As an Alternative Dispute Resolution (ADR), Mediation is one of a variety of procedures to solve a conflict based on voluntary participation of the parties that the mediator systematically facilitates communication between the parties with the aim of enabling the parties themselves to take responsibility for resolving their dispute. The core characteristics are the confidentiality of the procedure and the neutrality of the mediator. Contrary to authoritative, claim-oriented, expensive and long court proceedings, mediation offers self-determined and flexible approach. Mediation can be differentiated from other types of alternative dispute resolution and instead of forcing the outcome the mediator tries to empower the parties themselves top solve their conflict. The purpose of mediation is to allow the parties to find a resolution to their conflict in a sustainable and self-determined way.

Mediation in Turkey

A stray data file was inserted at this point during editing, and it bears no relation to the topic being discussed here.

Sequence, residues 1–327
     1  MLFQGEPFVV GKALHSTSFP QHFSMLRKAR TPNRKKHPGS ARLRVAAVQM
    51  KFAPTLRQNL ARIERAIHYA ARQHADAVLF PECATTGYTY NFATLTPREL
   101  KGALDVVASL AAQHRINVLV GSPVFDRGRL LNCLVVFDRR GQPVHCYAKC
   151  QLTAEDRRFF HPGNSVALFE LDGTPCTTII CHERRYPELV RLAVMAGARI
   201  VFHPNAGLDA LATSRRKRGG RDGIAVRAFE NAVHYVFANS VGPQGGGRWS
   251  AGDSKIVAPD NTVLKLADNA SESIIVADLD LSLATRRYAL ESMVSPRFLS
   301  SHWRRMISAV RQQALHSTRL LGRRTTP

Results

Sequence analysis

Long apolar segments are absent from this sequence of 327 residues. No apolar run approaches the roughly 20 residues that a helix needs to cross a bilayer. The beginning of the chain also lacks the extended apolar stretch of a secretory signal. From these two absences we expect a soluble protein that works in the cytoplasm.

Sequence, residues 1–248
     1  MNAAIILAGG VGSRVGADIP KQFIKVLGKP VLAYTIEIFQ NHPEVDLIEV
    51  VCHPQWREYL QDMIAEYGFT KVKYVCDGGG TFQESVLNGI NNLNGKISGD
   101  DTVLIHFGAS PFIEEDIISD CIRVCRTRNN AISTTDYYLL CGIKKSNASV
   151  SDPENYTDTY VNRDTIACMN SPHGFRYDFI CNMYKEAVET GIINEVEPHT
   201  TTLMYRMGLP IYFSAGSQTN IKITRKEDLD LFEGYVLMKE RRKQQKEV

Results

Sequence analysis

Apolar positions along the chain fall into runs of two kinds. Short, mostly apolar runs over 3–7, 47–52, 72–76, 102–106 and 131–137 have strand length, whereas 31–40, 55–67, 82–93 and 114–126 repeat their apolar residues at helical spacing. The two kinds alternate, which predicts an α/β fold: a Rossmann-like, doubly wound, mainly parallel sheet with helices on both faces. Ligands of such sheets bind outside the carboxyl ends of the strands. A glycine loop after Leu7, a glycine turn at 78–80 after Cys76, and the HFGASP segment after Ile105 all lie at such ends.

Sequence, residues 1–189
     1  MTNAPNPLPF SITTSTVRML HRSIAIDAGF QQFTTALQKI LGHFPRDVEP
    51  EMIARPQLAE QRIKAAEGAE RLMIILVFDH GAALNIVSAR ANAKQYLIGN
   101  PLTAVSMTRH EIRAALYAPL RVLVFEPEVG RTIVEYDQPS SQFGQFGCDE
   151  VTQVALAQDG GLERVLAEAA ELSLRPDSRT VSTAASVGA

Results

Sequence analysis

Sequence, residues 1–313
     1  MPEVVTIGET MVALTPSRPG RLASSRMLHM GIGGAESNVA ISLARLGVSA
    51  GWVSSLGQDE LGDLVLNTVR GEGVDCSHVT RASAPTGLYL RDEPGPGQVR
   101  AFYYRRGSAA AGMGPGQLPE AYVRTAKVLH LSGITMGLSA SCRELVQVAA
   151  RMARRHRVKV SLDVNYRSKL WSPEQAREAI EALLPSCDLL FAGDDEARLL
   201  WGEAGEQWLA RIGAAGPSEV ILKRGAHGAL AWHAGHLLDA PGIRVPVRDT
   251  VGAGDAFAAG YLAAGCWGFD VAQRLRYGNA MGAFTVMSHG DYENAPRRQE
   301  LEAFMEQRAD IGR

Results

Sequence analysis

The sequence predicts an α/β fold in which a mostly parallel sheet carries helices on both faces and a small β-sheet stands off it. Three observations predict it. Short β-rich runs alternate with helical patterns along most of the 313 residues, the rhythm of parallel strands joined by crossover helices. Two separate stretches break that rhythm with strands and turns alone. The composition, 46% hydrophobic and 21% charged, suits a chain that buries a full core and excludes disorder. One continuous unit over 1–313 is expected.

First Mediation Legislation, Law 6325, has been enacted in 2013 and Turkish mediation practice has developed quickly through the implementation of mandatory mediation. Currently, employment disputes and commercial disputes arising out of receivables and compensation claims are subject to mandatory mediation. The new law was published in the Official Gazette on 19 December 2018 and came into effect on 01 January 2019. Voluntary mediation and mandatory mediation provide parties an immediate and effective alternative to reach settlement while providing an opportunity for all parties to avoid long and expensive trials. Our mediator Dicle Aras has broad knowledge and experience in both employment and commercial disputes and she closed over 50 voluntary mediation. While settlement was always an option in commercial disputes it was not a first choice in employment disputes which is an important part of civil litigation in Turkey. After Law 7036 took effect on 01.01.2018 it became applicable to a wide range of employment disputes. However, it is safe to underline that mandatory mediation is still a voluntary process forcing parties to meet and settle the dispute before filing any case to the court. Either party has right to end mediation any time therefore, any settlement reached is voluntary but is not a legal requirement. High rates of settlement in mandatory mediation and the remarkable reduction in court cases shows that mandatory mediation has been successfully implemented and developing each day. Statistically mandatory mediation reduced the number of civil cases up to 60% and 300.000 disputes have settled so far.